Users are required to read the "IMPORTANT INFORMATION TO USERS" before they use the Lightning Information Service on this Website.
Basics of Lightning
1. There are two common types of lightning i.e. cloud-to-ground and cloud-to-cloud lightning. Cloud-to-ground lightning occurs when there are electrical discharges between cloud and ground. Cloud-to-cloud lightning is mainly cloud flashes, which are electrical discharges within a single cloud or between different clouds. Cloud-to-cloud lightning are usually, but not always, a precursor to the potentially more dangerous cloud-to-ground lightning.
2. Most lightning strokes occur within 5-6 km of a thunderstorm cloud. In the absence of a thunderstorm in a location, lightning strokes from a distant thunderstorm cloud more than 10 km away could still affect that location. More information on thunderstorms and lightning is available at http://www.weather.gov.sg/learn_weather_systems/#forecast2
3. The information on the MSS's Lightning Information Service (LIS) Website (http://www.weather.gov.sg/lightning) is based on data from MSS's Lightning Detection System (LDS). The LDS comprises a network of four lightning sensors located islandwide that detects cloud-to-ground and cloud-to-cloud lightning strokes. MSS's LIS Website displays cloud-to-ground and/or cloud-to-cloud lightning strokes within the last 30 minutes. The information is updated at 5 minute intervals.
4. The average location accuracy of the LDS for cloud-to-ground lightning detected within Singapore when all the sensors are in operation varies from about 200m within the LDS network to about 1-2km near the LDS network boundaries in particular the western and eastern ends of Singapore. For cloud-to-cloud lightning, the average location accuracy is around 2 km. The location accuracy is reduced when not all the sensors are in operation. The actual location of lightning strokes may thus differ from the position displayed on this Website, within the range of the lightning location accuracy.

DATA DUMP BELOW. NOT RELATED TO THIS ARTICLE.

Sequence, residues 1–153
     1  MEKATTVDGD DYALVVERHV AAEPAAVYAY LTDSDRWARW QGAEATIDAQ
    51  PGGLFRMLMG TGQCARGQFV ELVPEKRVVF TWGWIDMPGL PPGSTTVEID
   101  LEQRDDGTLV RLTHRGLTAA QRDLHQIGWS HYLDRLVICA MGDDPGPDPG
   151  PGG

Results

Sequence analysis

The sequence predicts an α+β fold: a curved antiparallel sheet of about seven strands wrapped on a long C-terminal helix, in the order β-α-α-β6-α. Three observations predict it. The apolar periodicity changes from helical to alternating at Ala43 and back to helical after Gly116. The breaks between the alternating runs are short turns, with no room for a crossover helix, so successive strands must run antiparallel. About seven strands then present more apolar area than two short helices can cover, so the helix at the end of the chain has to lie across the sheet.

5. The lightning detection efficiency of the LDS for detection within Singapore is estimated to range between 90% and 95% when all sensors are in operation. The detection efficiency is reduced when not all the sensors are in operation. There is thus no guarantee that all lightning occurrence can be detected, and false detection of lightning strokes by the LDS may also occur.
6. The display of lightning and related information on this LIS Website is dependent on the computation and communication time. There is normally a delay of a few minutes in the data that is displayed. The reliability and availability of the information is also dependent on telecommunication and power services, which could disrupt or cause an interruption in the display of information on the LIS Website.
Weather Radar Layer
7. The Weather Radar Layer in this LIS Website shows areas affected by rain/showers as detected by MSS's Polarimetric Meteorological Doppler Weather Radar. This radar is tuned to detect precipitation/rain above a minimum intensity. Occasionally some non-weather related atmospheric phenomena might be shown on the radar layer. The data in the Weather Radar Layer is updated every 5 minutes.
Thundery Showers Layer
8. The Thundery Showers Layer in this LIS Website shows the forecast of thundery showers for the next hour. The forecast accuracy is limited and dependent on the nature of the weather systems in Singapore. The data in the Thundery Showers Layer is updated every 5 minutes.